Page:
The bunker is identical with the first one we’ve explored, but we have big hopes to find a cleaner construction, less polluted by “civilization”, the Tobruk is isolated in the middle of the field (swamp), and much difficult to access. From afar the signs are good – there is graffiti in sight.
The pillbox proved to be clean, no PET bottles or other packages, but what a horror… Everything was vandalized in a most barbaric manner, the door frames were cut off with a torch and pulled out of concrete. Even part of the metal roof panels were stolen.
The concrete, itself, tens of cm thick, was hammered down just to get to the metallic reinforcement. Even ventilation system flanges were cut off with a torch. Dementia has reached unprecedented levels.
I have to admit, the experience of exploring these pillboxes left me with a bitter taste. How low these people can go now? (and no, this is not a case of Limbo Rock, “how low can you go”). This is serious. The lack of reaction from the State’s institutions is horrific. What’s next, to steal metal from the cooling systems of the reactors of Cernavoda Nuclear Power Plant?
I always tried to avoid leaving any trace of my visits to these historic sites. I have never taken any object as a souvenir, especially because I didn’t wanted to alter the “scene”. And others come with a sledgehammer and poop a big shit on the Romanian history. After all, maybe this is exactly what this nation deserve.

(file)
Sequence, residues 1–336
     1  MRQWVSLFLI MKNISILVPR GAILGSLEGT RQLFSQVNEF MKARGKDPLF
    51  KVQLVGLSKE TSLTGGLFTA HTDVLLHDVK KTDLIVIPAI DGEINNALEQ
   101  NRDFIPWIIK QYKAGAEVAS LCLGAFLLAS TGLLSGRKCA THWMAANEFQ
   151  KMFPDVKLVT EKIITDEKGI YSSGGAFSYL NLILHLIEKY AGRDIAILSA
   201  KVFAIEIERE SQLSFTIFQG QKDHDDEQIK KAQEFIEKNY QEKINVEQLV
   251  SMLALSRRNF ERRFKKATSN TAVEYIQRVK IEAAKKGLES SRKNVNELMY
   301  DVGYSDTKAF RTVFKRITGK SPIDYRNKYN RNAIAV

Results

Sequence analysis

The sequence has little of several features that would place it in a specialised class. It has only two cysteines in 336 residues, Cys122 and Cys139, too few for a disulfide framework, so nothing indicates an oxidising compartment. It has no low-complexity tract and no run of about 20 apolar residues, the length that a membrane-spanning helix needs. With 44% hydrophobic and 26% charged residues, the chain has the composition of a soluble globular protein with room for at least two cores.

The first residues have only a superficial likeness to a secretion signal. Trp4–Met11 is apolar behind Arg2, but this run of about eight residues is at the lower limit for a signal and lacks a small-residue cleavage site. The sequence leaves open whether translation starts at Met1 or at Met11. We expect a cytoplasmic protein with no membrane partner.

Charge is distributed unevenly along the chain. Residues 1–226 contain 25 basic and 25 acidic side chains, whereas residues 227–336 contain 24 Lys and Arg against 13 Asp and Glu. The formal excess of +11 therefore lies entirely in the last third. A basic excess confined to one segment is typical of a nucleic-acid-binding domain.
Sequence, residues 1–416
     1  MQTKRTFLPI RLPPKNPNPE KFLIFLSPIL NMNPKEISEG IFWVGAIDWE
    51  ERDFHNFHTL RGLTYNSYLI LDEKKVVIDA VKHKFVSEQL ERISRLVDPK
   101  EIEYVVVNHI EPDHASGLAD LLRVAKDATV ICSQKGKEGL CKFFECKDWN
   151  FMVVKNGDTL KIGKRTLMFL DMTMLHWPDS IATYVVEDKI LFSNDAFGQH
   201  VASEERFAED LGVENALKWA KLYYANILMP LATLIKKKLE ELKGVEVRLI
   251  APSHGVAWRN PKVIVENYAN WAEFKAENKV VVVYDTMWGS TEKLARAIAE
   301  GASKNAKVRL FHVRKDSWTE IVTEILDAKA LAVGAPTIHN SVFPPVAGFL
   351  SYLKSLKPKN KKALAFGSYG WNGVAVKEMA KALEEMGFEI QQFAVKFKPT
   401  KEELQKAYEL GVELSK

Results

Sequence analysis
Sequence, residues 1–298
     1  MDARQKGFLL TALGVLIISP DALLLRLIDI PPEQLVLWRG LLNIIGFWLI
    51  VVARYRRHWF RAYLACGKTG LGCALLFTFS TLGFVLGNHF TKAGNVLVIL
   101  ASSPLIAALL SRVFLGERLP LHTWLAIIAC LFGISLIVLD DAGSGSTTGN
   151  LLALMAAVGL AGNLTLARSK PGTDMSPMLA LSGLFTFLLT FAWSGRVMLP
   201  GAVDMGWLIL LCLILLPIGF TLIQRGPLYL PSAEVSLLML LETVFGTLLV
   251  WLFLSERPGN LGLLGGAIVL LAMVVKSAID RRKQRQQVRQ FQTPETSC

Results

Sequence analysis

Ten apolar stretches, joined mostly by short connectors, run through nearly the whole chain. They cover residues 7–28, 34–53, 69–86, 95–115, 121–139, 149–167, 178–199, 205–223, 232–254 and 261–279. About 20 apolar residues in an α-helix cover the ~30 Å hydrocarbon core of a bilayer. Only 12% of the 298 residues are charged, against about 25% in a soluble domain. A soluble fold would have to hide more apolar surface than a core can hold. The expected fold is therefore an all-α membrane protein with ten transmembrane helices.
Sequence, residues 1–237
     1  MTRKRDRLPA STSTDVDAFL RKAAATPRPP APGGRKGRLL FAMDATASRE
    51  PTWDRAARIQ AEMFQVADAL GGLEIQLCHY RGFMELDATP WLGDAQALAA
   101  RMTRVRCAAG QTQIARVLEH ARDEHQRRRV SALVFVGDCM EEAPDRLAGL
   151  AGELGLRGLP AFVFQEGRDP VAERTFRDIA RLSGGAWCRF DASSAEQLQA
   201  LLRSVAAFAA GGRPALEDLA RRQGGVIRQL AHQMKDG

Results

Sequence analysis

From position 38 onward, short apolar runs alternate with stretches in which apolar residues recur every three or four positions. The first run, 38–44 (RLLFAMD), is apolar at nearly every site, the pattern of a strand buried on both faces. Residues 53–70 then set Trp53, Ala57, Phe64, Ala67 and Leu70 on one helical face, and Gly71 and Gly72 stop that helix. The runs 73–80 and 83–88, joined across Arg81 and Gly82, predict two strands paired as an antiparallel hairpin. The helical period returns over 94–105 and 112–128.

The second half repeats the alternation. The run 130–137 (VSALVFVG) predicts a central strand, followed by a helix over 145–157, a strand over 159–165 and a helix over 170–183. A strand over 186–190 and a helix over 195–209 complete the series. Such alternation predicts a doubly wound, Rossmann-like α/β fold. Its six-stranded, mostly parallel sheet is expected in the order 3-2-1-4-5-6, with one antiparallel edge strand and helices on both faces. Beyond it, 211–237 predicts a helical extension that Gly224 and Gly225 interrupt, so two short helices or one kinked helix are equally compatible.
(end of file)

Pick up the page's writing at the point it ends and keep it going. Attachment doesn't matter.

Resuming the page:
Let get back to our journey through the second Tobruk of Vadu, Constanta – at the end of the corridor, on the right, there is the room of the rotating MG turret.
A romantic sunset, a beautiful sight through the firing slot of a bunker whose purpose was to cut down lifes… No, these buildings should not be worshiped, these were constructions of death, but these constructions should be respected as history evidence and analyzed in every detail. If we put them under the sledgehammer, we’ll end up as with a scriptical-only history, with no artifacts and no relevant places.
OK, time to go. A look back to the exit of pillbox – the air look pretty hazy in XXI-th century Romania…
We leave “the lugubrious” Chituc Sands behind, with a load of interesting photos, some answers and a bunch of questions. Lots of new information, at some point we hope to put pieces together and get answers.
Oh, right, we just can’t leave it this way, something special for you, a view of the sunset from the Tobruk’s turret.
Back on track, time to put some distance between us and Vadu and his radioactive stories. Odd enough, from car’s speer, the ruins of the former Rare Metals Company IMR, looks like the remains of Chernobyl reactor 4 and … Stop! I saw a bunker somewhere on the left side of the road. The adventure goes on!